Eagle County sees dramatic jump in COVID-19 cases | VailDaily.com

Eagle County sees dramatic jump in COVID-19 cases

Rapid increase is likely due to presence of fast-spreading omicron variant in the county, public health leaders say

Vail Health nurse Nicole Campbell administers a first dose of the Pfizer-BioNTech vaccine to Jordon Nicholson at Vail Health Hospital in April.
Chris Dillmann/Vail Daily archive

After four weeks of declining positivity rates, Eagle County is seeing a “dramatic increase” in COVID-19 infections, which local public health leaders say is evidence that the new rapidly spreading omicron variant is present in the county.

A new study out of South Africa on the variant, as well as mounting data, has aided local leaders in preparing for what is coming, and very likely already here, said Chris Lindley, the chief population health officer for Vail Health.

The first alarm bells began ringing this week when the county’s test positivity rate — the percentage of COVID-19 tests that come back positive — went from under 10% to over 20% in a matter of two days, Lindley said.

“So, that is a clear indication to us that a wave is beginning,” Lindley said. “Our working assumption is omicron is co-circulating in our community with delta, and that we will see a rapid increase in infectivity over the next few weeks.”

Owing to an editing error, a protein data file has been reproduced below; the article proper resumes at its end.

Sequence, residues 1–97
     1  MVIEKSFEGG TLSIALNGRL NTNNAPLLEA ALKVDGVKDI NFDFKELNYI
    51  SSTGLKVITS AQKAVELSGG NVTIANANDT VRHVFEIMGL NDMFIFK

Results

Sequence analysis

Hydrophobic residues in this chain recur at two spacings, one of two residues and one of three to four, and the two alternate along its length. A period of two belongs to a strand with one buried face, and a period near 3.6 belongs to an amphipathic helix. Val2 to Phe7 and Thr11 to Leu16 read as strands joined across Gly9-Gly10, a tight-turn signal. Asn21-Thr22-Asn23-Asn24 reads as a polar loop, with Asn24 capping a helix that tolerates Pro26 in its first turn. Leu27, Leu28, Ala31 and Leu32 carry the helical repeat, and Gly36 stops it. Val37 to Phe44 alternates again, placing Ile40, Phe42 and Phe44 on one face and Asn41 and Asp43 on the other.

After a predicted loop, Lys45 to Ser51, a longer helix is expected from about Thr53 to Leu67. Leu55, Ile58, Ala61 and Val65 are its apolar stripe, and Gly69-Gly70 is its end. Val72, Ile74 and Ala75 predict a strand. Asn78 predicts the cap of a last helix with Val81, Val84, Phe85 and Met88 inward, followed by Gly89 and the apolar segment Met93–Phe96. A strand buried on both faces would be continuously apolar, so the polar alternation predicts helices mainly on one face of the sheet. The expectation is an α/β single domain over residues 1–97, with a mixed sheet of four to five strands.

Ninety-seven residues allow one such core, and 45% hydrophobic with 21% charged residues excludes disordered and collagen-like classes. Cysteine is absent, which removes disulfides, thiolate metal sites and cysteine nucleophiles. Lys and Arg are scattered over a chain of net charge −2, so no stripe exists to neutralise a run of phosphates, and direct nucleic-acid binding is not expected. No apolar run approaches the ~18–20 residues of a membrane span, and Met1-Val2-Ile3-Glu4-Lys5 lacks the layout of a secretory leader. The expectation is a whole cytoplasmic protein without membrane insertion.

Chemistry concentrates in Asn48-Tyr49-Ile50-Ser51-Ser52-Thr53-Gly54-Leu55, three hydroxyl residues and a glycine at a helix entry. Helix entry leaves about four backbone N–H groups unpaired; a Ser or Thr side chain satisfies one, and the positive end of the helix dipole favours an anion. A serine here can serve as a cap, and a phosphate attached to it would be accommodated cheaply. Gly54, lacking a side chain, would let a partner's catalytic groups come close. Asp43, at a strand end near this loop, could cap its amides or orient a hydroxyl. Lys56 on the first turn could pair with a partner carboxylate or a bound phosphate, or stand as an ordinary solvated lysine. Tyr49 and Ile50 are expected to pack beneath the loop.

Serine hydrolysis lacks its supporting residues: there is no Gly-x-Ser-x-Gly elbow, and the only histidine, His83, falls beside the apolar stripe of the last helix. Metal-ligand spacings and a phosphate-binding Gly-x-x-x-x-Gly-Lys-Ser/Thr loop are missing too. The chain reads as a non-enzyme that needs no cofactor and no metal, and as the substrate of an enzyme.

Early data indicates that the doubling time of the omicron variant — the time it takes for two cases to become four and so on — is only two days, Lindley said.

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“That is much, much faster than anything we have seen today,” Lindley said. “In fact, it is much faster than any infectious disease that, in our lifetime, we have dealt with.”

Given the pace at which cases in Eagle County have risen over the past week, Eagle County Public Health Director Heath Harmon agreed that it is prudent to assume that omicron is already circulating within the county, especially given that the variant was recently detected in Garfield County.

Vail Health sends a portion of samples from positive COVID-19 tests to the state for “genetic sequencing” used to track the presence of new variants, Lindley said. Local officials have yet to receive word of a confirmed case of the omicron variant in Eagle County, but this is not surprising given that genetic sequencing results come back about a month after being sent, he said.

The omicron variant had been identified in 57 countries and 19 U.S. states, including Colorado, as of earlier this week.

Recent trends represent a significant reversal of local metrics going into the Thanksgiving holiday, so Harmon encouraged people to take this into account while planning trips or gathering with family and friends.

The upside is that Eagle County public health experts learned quite a bit from leading the community through being one of the first COVID-19 hot spots in the country when the pandemic began last year, said Caitlyn Ngam, an infection preventionist at Vail Health.

Eagle County Public Health and Vail Health are taking a proactive approach to strengthening precautions at the right moments, which — unfortunately — is now, she said.